Uncontrolled Hypertension in an Elderly Man on Multiple Antihypertensive Drugs

Matthew R. D'Costa, Sandra J. Taler, Anna F. Dominiczak, Rhian M. Touyz, Robert M. Carey, Jan N. Basile, Michael Bursztyn, Vivek Bhalla, Gary L. Schwartz

Research output: Contribution to journalArticlepeer-review

1 Scopus citations


We present a case of uncontrolled hypertension in an 80-year-old White male and retired family medicine physician despite being on multiple antihypertensive drugs. The patient was a nonsmoker, nondiabetic, and had a past medical history of hypertension for 25 years, coronary artery disease with stenting 2 years before presentation, bioprosthetic aortic valve replacement for aortic stenosis, paroxysmal atrial fbrillation with a history of transient ischemic attack on clopidogrel and aspirin, chronic lymphocytic leukemia with bulky lymphadenopathy and normal leukocyte count on ibrutinib, benign prostatic hypertrophy, hyperlipidemia, and chronic kidney disease, stage 3 with a baseline creatinine of 1.3 mg/dL. His blood pressure (BP) was previously well controlled for many years on monotherapy, initially with atenolol and later with amlodipine. In 2015, he developed acute kidney injury with a peak creatinine of 2.5 mg/dL in the setting of sepsis due to aspergillosis. Amlodipine was stopped during that episode. His kidney function eventually recovered to baseline. He was then placed on lifelong posaconazole prophylaxis. BP was controlled with lifestyle factors only over the next 2 years until 2017 after which home and clinic readings began ranging from 130 to 180/60 to 80 mmHg with headaches associated with higher readings. For the worsening hypertension, he was treated with an escalating antihypertensive drug regimen. He was initiated on losartan 50 mg daily, and then metoprolol tartrate 25 mg twice daily was added. Initially, BP control improved, and then 3 months before our evaluation the hypertension worsened with more frequent headaches. HCTZ (hydrochlorothiazide) 25 mg daily and amlodipine 2.5 mg daily were added. Subsequently, the patient developed lower extremity edema. He was prescribed furosemide 40 mg daily as needed, and he reported taking it twice weekly. BP remained uncontrolled, and we were consulted for further management. Upon evaluation in our clinic, the patient had no new concerns other than what was previously mentioned. Home BP readings were reviewed and were consistent with prior reports of suboptimal control. Average offce BP using the BPTru device was 144/77 mmHg. BPs were equal in both arms. A standing BP was also elevated at 142/74 mmHg. Pulse was 62 beats per minute, and body mass index was 28 kg/m2 with a weight of 70 kg, which had been stable over the previous 2 years. On physical exam, he was alert and appeared younger than stated age. He had a benign funduscopic exam. His cardiac exam revealed a low-grade systolic murmur over the aortic area, and he had a signifcant amount of pitting edema in both lower extremities as well as the right upper extremity some of which was chronic in the setting of chronic lymphocytic leukemia and associated bulky lymphadenopathy and lymphedema. His lungs were clear except for chronic changes in the right lung base from the prior pneumonia from aspergillosis. His abdomen was soft with no bruits, masses, or organomegaly, and his pulses were normal. After being presented with this information, what are the initial thoughts and considerations in this patient with uncontrolled hypertension?.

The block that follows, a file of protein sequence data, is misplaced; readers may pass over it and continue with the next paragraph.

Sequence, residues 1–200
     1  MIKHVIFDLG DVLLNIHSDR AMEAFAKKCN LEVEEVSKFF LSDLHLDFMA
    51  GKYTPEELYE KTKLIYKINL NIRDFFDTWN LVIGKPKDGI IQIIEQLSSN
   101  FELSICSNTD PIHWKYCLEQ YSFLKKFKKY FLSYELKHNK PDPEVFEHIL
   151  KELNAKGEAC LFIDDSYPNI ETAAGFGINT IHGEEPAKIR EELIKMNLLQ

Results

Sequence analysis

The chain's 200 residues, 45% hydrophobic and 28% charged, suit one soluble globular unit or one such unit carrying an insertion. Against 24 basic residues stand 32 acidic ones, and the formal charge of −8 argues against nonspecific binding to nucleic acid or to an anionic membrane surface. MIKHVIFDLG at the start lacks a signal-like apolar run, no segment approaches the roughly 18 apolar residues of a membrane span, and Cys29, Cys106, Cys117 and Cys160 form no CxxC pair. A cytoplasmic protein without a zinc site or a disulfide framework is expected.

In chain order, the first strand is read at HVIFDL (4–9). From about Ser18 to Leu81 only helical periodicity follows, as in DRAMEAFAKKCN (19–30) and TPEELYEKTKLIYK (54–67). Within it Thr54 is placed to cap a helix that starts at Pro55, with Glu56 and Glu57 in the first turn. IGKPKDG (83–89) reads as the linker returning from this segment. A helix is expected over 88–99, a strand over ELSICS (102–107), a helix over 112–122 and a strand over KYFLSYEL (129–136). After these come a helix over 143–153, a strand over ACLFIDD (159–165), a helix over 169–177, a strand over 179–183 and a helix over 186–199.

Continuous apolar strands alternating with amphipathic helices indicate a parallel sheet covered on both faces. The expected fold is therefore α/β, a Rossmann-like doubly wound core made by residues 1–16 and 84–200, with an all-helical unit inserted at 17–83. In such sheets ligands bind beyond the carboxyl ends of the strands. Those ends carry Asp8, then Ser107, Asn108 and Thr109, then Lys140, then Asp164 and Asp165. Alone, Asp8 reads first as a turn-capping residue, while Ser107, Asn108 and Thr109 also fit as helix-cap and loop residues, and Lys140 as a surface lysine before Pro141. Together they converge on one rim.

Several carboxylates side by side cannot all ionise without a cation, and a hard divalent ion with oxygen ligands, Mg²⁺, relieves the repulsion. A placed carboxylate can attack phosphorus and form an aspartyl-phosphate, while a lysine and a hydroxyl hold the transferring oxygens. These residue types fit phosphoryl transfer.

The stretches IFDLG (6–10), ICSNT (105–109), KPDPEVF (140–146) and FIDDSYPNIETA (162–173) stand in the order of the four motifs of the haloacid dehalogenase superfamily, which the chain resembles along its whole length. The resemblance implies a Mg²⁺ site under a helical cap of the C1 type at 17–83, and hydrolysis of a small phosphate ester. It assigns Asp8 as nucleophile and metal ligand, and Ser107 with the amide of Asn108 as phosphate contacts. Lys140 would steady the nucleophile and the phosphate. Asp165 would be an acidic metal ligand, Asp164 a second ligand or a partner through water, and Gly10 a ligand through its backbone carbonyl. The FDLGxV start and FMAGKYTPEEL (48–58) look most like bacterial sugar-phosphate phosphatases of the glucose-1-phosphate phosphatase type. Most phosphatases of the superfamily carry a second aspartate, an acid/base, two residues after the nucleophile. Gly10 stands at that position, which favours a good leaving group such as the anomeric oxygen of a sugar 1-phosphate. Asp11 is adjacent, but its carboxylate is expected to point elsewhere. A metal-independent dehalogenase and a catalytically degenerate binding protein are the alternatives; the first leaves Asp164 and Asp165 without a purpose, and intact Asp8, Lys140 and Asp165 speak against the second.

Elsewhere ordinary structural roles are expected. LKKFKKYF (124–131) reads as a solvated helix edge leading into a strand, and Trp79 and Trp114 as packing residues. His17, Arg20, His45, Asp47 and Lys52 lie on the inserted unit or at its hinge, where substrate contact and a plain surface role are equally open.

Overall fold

Original languageEnglish (US)
Pages (from-to)1658-1663
Number of pages6
Issue number6
StatePublished - Dec 1 2020

ASJC Scopus subject areas

  • Internal Medicine


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